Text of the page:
This post is part of Marc H. Ellis’s “Exile and the Prophetic” feature for Mondoweiss. To read the entire series visit the archive page.
How could I overlook Sharon Stone on Shimon Peres’s 90th birthday bash? She sounded like a postcolonial studies grad student hooked on psychotropic drugs.
Sharon Stone makes Barbara Streisand look grounded and deep. How does she rate in relation to Bill Clinton and Simon Peres? If you have some time, a Peres marathon might be order. Just don’t take any of the rhetoric seriously.
Some years ago, I met Paul Verhoeven at a conference honoring the work of John Dominic Crossan, the controversial New Testament scholar. You might remember Verhoeven – he directed Stone’s epic performance in Basic Instinct. We chatted about his interest in making a movie about Crossan’s radical interpretation of Jesus. Verhoeven was grateful I hadn’t seen his movie and, though I knew of The Scene, he thanked me for not asking him about it.
Who was Jesus for Crossan? For Crossan, Jesus was a Mediterranean Jewish peasant practicing the “brokerless” Kingdom of God – at a time when Jerusalem and the Jewish population were occupied by the Roman Empire. Jesus didn’t think much of the Romans or the collaborationist Jewish leadership. He resisted both. Rome crucified him.
It turns out that Verhoeven is quite serious about Jesus and has authored a book about him - Jesus of Nazareth. As a contrast to New Age Sharon Stone’s presentation at Peres’s 90th, check out Verhoeven’s take on Jesus:
The Romans saw [Jesus] as an insurrectionist, what today is often called a terrorist. It is very likely there were ‘wanted’ posters of him on the gates of Jerusalem. He was dangerous because he was proclaiming the Kingdom of Heaven, but this wasn’t the Kingdom of Heaven as we think of it now, some spectral thing in the future, up in the sky. For Jesus, the Kingdom of Heaven was a very tangible thing. Something that was already present on Earth, in the same way that Che Guevara proclaimed Marxism as the advent of world change. If you were totalitarian rulers, running an occupation like the Romans, this was troubling talk, and that was why Jesus was killed.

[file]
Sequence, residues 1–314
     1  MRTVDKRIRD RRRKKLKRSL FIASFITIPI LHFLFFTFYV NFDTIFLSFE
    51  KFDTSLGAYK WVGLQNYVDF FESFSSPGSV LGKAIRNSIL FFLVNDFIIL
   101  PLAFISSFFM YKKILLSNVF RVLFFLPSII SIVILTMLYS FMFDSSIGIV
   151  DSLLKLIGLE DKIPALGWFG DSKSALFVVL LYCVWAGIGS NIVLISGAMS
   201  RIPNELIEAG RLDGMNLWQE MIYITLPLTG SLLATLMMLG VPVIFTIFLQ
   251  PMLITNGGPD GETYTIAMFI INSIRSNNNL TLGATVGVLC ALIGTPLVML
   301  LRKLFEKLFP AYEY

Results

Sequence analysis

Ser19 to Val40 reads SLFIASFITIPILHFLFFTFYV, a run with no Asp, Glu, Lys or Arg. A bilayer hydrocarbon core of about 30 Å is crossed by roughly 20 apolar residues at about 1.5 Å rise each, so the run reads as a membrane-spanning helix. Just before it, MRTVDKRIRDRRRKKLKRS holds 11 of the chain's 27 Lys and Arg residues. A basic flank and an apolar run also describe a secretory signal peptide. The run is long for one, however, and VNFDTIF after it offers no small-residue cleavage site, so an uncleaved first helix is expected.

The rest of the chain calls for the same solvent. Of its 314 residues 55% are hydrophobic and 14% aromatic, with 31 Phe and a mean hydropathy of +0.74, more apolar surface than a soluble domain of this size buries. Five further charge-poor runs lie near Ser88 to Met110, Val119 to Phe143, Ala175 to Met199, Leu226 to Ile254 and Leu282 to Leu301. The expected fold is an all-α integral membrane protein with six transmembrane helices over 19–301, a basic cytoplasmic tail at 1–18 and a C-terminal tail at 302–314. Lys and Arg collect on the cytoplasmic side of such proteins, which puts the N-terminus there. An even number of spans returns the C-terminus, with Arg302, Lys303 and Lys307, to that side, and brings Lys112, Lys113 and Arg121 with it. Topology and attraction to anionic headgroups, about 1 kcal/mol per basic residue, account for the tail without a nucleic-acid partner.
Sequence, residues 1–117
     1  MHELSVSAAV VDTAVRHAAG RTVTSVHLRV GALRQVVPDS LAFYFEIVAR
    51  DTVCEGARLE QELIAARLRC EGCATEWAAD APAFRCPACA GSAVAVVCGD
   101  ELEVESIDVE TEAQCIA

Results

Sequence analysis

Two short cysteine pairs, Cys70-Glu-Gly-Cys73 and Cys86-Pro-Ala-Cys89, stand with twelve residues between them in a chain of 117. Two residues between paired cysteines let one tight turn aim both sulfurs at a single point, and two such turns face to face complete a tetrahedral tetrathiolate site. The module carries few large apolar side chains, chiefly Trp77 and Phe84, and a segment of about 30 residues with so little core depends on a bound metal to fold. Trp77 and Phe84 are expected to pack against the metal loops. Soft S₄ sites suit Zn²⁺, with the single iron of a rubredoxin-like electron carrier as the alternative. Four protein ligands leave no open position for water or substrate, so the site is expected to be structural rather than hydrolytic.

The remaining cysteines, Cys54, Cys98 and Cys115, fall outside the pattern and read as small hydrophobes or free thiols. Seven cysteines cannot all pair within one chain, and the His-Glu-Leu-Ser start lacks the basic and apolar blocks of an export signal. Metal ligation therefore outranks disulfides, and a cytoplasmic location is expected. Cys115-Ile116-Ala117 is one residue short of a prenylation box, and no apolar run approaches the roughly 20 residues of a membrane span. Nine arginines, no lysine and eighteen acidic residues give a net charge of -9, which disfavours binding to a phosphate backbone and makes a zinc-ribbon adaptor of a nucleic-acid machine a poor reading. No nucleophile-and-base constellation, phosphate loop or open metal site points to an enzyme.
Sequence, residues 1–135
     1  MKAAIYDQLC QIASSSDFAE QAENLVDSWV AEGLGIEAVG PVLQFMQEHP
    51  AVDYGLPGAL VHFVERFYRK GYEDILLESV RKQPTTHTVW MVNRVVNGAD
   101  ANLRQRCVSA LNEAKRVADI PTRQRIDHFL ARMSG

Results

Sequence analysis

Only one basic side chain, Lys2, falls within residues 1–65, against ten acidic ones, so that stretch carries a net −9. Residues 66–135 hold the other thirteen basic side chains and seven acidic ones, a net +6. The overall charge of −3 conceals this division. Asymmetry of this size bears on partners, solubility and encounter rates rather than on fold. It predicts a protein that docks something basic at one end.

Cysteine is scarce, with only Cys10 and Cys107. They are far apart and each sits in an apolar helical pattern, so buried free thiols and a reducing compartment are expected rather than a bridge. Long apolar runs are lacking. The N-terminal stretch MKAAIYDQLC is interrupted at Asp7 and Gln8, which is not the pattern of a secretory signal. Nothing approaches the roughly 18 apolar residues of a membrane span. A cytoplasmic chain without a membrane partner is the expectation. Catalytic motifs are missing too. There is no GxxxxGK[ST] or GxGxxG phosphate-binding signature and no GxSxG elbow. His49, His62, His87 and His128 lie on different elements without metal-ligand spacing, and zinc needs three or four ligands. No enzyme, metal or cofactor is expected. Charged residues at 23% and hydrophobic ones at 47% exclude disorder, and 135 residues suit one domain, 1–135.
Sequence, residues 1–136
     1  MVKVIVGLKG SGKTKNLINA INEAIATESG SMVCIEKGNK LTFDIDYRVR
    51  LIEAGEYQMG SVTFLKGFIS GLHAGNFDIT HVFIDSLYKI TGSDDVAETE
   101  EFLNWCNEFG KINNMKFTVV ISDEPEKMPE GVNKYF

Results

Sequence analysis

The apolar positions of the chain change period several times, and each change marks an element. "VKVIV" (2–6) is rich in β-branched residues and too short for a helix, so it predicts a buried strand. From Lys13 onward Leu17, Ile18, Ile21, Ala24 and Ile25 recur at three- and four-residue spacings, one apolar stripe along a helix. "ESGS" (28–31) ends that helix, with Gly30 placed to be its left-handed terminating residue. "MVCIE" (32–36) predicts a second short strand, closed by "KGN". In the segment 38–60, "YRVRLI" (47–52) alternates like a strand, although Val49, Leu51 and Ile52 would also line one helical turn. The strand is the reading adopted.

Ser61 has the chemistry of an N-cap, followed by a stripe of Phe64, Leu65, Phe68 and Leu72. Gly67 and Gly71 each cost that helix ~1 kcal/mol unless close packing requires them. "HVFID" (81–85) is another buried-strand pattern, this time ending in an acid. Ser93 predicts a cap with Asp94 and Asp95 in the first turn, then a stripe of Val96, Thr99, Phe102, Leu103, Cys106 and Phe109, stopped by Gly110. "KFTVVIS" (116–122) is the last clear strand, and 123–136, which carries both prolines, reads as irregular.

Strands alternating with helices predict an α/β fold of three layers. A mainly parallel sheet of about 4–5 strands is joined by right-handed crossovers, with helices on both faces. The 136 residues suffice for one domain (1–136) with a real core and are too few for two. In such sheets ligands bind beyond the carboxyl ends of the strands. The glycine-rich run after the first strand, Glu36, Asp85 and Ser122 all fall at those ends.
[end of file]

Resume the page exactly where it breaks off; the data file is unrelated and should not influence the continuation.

There we are – back to occupation and Jerusalem, with wanted posters for a Jewish dissident. Of course, we know that Rome crucified thousands of Jews for anti-occupation activities. The idea of a singular cross is a myth.
Posters for Jews on the run from occupation – and Jewish – authorities. At stake – Jerusalem and the land. Times haven’t changed much.
Perhaps Verhoeven would have invoked Jews of Conscience rather than Che if he had spoken at Peres’s 90th. After all, Jesus was an anti-occupation insurrectionist within the land.
Have you ever asked, with Christian evangelicals, what would Jesus do?
Get your ‘wanted’ posters out.